All data was examined for normality. The relationship between variables was examined using a Pearson's correlation coefficient (one-tailed) to assess whether there was any relationship between measured muscle characteristics and VO2max, peak power, LT and GME. Linear regression was found to best describe relationships for all measures using both visual inspection and examination of R and R2 values. Due to multiple tests statistical significance was accepted at p ¼ 0.01 following a Bonferroni adjustment to help avoid a Type I error.

RESULTS

Mean and standard deviation data for VO2max, LT gross mechanical efficiency (GME), fatigue index and % drop in force development (RFD) and relaxation rate (RR) are displayed in Table 1.

Reliability of muscle performance test (MPT)

Reliability of the fatigue index, change in RFD and RR, and RR½ measured in the electrical stimulation protocol was assessed. Test-retest data indicated high reliability for the fatigue index and also the change in RFD (Table 2). The % change in RR displayed low test-retest reliability as evidenced with a poor ICC. However, % change in RR½ demonstrated high reliability. RR½ was utilised for further correlation analysis.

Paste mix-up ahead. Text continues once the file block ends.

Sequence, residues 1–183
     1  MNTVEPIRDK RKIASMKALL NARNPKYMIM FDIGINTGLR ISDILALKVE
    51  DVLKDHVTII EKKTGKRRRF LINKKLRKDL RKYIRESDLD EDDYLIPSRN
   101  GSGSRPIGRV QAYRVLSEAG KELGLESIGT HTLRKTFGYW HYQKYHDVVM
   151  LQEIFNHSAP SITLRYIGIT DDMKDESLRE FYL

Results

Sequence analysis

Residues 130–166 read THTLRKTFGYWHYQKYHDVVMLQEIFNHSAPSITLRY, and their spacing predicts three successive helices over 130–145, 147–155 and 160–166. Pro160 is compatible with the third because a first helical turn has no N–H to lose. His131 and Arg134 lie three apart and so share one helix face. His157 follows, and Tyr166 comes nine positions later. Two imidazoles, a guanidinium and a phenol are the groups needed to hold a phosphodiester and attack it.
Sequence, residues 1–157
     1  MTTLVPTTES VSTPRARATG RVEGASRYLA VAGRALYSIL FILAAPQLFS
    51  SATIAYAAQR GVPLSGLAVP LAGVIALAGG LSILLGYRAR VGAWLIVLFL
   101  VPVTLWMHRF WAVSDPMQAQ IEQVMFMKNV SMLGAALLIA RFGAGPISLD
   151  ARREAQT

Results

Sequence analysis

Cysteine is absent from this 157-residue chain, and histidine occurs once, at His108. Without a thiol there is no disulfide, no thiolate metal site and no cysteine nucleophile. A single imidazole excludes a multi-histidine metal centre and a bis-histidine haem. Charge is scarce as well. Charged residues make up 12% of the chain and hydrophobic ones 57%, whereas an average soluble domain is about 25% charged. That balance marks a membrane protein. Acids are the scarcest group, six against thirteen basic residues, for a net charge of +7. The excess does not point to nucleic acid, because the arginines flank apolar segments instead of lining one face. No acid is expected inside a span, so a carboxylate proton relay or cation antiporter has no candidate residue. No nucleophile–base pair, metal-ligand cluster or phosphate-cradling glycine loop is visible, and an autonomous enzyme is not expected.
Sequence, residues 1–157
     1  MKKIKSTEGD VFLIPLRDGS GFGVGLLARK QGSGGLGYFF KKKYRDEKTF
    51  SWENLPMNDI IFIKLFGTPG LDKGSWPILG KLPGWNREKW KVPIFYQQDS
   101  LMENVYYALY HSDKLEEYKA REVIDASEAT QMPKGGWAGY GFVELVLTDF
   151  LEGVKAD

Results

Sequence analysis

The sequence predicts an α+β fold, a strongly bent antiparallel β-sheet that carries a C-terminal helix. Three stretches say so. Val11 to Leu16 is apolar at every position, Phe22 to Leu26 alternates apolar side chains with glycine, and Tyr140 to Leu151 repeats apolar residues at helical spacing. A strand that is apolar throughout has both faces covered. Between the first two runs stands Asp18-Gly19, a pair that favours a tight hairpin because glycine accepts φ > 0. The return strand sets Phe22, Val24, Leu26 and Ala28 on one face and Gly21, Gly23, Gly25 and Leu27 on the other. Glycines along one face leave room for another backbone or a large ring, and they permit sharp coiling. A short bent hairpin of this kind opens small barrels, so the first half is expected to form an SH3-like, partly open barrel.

Relationship of the measured muscle characteristics with measures of endurance performance

The FI related significantly with lactate threshold with subjects that displayed low fatigue resistance having a low lactate threshold and vice versa (Figure 3). In contrast there was no significant relationship between FI and VO2max, GME and peak power. Table 3 displays the relationships of FI to endurance performance measures. There was also a significant relationship between FI and %RFD (r = 0.79, p ¼ 0.01). There was a significant relationship between % change in RFD and peak power with subjects displaying the greatest reduction in RFD having a higher PPO (Figure 4). There were no significant relationships between % change in RR½ and any of the endurance measures.

DISCUSSION